T H E
D E T A I L
Monday, February 25, 2002
Good morning via the "Detail," a weekly e-mail newsletter that greets latent print examiners around the globe every Monday morning. The purpose of the Detail is to help keep you informed of the current state of affairs in the latent print community, to provide an avenue to circulate original fingerprint-related articles, and to announce important events as they happen in our field.
Last week, Mary Drews gave us an in-depth look at the methodology of latent print comparisons. If you didn't get a chance to look over this article, it has been archived on the Articles page and in the Detail Archives.
This week, Ron Smith brings the second in a series of short articles on courtroom testimony. If you missed the first article, it can be read in the Archives: Issue 19.
In our last visit, we were discussing fear and how it applies to the courtroom environment. As we agreed, fear is a natural feeling but what is it about testifying in court that makes it a natural source of concern for us? Why is giving testimony in court under oath considered a difficult thing to do and something that most people in their right mind try to avoid?
Well, I have asked that question hundreds of times to testimony students around the country and regardless of where I am, the answers seem to be very similar. First, and the most common answer is not the fear of testimony but the fear of public speaking in general. The fear of public speaking is ranked in the top three fears each year when polls are taken to determine the greatest fears of the population. It ranks right next, and sometimes ahead of, death by fire. Thatís right, I said Death By Fire! How can that be? It may not seem possible but it is true. For many people, public speaking carries with it a fear so great that they will do almost anything to avoid it. You know what I mean. You see it in the criminal justice system everywhere. Iíve had the opportunity to go along with narcotic investigators on raids on a few occasions and when they are looking for volunteers to knock the door down and take down the violators, you have a list of volunteers as long as your arm but when you look for a volunteer to seize and log in the evidence collected during the raid, you canít find one with both arms, a metal detector and a physic. Why, because that part is not exciting and that person is going to get called to court and get badgered by some defense counsel for sure and hey, what fun is that? Who wants to undergo that kind of treatment?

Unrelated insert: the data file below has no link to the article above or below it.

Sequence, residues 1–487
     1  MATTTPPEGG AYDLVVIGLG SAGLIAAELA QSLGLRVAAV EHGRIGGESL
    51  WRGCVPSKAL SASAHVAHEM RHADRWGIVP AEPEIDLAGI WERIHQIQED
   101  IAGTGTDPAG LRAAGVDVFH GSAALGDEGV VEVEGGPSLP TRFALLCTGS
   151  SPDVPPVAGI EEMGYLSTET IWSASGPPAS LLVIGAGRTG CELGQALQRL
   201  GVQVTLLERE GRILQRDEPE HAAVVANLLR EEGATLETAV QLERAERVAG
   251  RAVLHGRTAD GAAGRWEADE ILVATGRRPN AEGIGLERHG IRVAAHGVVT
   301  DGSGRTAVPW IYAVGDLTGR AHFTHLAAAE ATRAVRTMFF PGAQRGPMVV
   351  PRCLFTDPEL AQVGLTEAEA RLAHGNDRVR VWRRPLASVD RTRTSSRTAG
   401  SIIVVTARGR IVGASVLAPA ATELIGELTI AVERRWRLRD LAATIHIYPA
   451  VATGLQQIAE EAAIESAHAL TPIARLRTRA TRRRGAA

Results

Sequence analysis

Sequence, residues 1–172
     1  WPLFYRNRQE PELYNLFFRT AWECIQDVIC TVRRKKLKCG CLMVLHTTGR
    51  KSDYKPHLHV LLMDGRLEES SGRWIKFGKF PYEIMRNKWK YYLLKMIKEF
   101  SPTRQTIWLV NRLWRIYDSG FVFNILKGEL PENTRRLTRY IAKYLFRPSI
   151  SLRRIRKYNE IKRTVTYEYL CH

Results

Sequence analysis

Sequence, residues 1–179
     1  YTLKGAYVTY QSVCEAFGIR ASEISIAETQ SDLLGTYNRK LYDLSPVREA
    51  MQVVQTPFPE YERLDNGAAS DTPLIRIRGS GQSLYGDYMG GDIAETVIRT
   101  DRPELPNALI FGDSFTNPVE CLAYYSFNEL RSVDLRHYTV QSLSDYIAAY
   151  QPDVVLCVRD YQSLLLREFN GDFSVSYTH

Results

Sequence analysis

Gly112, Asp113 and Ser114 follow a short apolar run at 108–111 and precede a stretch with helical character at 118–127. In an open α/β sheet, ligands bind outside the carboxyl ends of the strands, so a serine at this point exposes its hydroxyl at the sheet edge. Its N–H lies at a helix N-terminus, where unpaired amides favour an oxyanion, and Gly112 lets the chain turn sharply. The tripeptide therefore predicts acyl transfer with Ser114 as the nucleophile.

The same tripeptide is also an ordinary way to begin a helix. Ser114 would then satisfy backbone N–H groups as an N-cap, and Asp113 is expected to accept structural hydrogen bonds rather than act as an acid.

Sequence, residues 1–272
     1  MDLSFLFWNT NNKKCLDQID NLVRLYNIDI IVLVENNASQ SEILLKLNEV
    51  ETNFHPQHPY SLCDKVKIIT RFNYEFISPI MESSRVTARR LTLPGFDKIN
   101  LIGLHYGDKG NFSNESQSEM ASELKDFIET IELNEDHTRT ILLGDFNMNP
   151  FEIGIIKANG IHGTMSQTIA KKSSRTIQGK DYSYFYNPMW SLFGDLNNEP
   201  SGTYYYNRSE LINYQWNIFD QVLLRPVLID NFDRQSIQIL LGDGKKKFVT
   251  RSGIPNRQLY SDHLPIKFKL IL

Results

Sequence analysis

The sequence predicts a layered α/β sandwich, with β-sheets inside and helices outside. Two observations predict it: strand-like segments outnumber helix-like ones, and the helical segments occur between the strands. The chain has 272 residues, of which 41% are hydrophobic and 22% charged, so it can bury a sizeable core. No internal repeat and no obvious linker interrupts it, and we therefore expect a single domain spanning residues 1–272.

I know the fear of public speaking is real. I feel it too and I give lectures and speeches probably 70 to 100 times a year. In future issues we will be giving specific instructions and hints on how to deal with the fear of public speaking but for now letís move on.
When asked the question about why is giving testimony considered a difficult thing to do, there are other common answers to the question as well. One of the most common answers is "I feel fear of the unknown when Iím on the witness stand". I can understand that. We donít know what the defense attorney, (and sometimes the prosecutor) is going to ask and really it is not the fear of the question that bothers us, it is the fear of not knowing the answer and the fear of being made to look stupid or nonprofessional in front of the jury that really gets to us. That is a common understandable problem and one that we will be addressing in upcoming issues.
Others respond to the original question by saying that they feel fear because of the pressure of the case and the fact that they donít want the case to go sour while they are on the witness stand. I can relate to that and we can deal with that natural fear as well once we learn to understand the courtroom procedures better and the entire judicial process a little more completely.
As you can see from just these few points, there some very natural feelings of fear associated with the courtroom testimony environment and I look forward to continuing this discussion and getting to some topics on how to help you deal with these natural fears. Stay tuned!
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Until next Monday morning, don't work too hard or too little.
Have a GREAT week!